Security experts believe to have found a link between the drop in the Angler Kit usage and the crackdown against the Lurk gang.
Law enforcement arrested suspects in June, authorities accused them of stealing around $45 million USD from Russian financial institutions by using the Lurk banking trojan.
According to the Cisco Talos researchers, after the arrests of the individuals behind the Lurk banking trojan it has been observed a rapid disappearance of the Angler EK in the wild.
Recently malware researchers observed a spike in the malicious traffic related to Neutrino and RIG EKs Meanwhile the overall traffic related to other EKs show a drastic fall, around 96% since early April.
Experts from Talos made further investigation of the phenomena, focusing their analysis on the Lurk banking trojan and its operators. The Lurk banking trojan was used by crooks to target customers of Russian banks. The experts analyzed 125 C&C servers used by the gang to manage the Lurk botnet, they discovered that the email used by a registrant of most of the domains used to control the Lurk bots is also linked to domains involved in the campaigns leveraging the Angler Exploit Kit.
“Based on this information we began looking into the Whois records for the domains and found some commonalities. Approximately 85% of the command and control (C2) domains that were identified were registered to a single registrant account john[.]bruggink@yahoo[.]co[.]uk.” states the blog post by Cisco Talos. “That email address should be familiar to those that read our research into Bedep as that was one of the three emails associated with registrant accounts that were tied to it as well as Angler.”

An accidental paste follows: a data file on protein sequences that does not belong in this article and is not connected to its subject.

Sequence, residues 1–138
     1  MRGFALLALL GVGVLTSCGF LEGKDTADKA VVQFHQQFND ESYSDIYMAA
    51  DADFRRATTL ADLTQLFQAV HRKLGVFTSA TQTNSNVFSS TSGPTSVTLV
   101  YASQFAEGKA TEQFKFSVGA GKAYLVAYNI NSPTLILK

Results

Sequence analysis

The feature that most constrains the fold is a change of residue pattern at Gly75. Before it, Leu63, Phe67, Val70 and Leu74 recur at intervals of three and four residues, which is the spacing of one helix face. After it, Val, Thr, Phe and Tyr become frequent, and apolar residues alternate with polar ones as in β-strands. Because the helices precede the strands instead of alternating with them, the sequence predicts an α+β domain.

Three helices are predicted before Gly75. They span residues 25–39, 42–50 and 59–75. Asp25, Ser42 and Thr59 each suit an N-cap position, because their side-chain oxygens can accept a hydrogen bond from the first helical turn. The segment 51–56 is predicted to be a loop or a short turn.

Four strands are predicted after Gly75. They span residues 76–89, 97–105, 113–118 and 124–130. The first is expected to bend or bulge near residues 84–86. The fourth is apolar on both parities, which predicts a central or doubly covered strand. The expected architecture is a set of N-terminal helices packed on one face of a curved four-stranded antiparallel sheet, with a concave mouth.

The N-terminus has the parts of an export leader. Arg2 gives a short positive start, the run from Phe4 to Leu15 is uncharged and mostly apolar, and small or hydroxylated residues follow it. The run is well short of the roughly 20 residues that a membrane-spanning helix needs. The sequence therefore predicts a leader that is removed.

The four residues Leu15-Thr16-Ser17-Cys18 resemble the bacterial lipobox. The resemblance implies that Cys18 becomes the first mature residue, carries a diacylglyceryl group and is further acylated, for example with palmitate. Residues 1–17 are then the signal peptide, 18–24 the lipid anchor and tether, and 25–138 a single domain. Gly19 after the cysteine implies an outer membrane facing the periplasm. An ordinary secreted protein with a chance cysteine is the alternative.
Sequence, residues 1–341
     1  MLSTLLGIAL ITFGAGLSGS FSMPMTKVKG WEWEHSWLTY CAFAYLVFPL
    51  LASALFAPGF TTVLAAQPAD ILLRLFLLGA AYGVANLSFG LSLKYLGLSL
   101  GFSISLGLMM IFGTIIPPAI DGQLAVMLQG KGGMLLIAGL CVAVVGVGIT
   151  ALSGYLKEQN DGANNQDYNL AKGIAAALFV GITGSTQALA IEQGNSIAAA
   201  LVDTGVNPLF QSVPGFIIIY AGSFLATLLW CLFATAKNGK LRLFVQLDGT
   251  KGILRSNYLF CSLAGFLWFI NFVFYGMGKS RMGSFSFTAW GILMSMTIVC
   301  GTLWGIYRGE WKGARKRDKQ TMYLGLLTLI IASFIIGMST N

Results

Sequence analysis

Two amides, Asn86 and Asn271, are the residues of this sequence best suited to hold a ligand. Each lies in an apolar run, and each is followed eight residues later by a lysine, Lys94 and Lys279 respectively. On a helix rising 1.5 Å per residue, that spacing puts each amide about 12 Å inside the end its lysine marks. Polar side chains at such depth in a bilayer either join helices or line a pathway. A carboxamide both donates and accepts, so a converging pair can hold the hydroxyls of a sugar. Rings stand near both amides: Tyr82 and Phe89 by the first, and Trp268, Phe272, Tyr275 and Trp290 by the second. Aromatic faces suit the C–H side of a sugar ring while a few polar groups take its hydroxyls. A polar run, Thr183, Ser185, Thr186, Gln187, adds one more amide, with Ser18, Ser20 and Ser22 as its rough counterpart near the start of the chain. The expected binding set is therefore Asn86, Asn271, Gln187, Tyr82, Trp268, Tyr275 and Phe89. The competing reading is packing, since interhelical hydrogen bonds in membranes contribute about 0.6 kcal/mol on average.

This account is considered by the investigators very important because its role in the back-end communication of the Angler EK. The researchers have spotted a domain registered to this account (wittalparuserigh[.]com) that was used to deliver malicious payloads that were being delivered by one of the Angler exploit servers.
The experts also linked the email to the ownership of multiple domains that were associated with redirecting users to Angler instances.
“This particular registrant account was of interest because of its role in the back-end communication of Angler. We found a domain registered to this account, wittalparuserigh[.]com, was serving the payloads that were being delivered by one of the Angler exploit servers. In addition it was also found to own domains that were associated with redirecting users to Angler instances and finally was found to be hosting the same “default” webpage on some of the C2 infrastructure as the Bedep C2, a sample of which is shown below.” continues the Talos’s analysis.
“There is no way to say for certain that all of these threats are connected, but there is one single registrant account that owned domains attached to all of them. If this one group was running all of these activities this will likely go down as one of the most significant arrests in the history of cybercrime with a criminal organization that was easily earning hundreds of millions of dollars.” closes the Talos Team.
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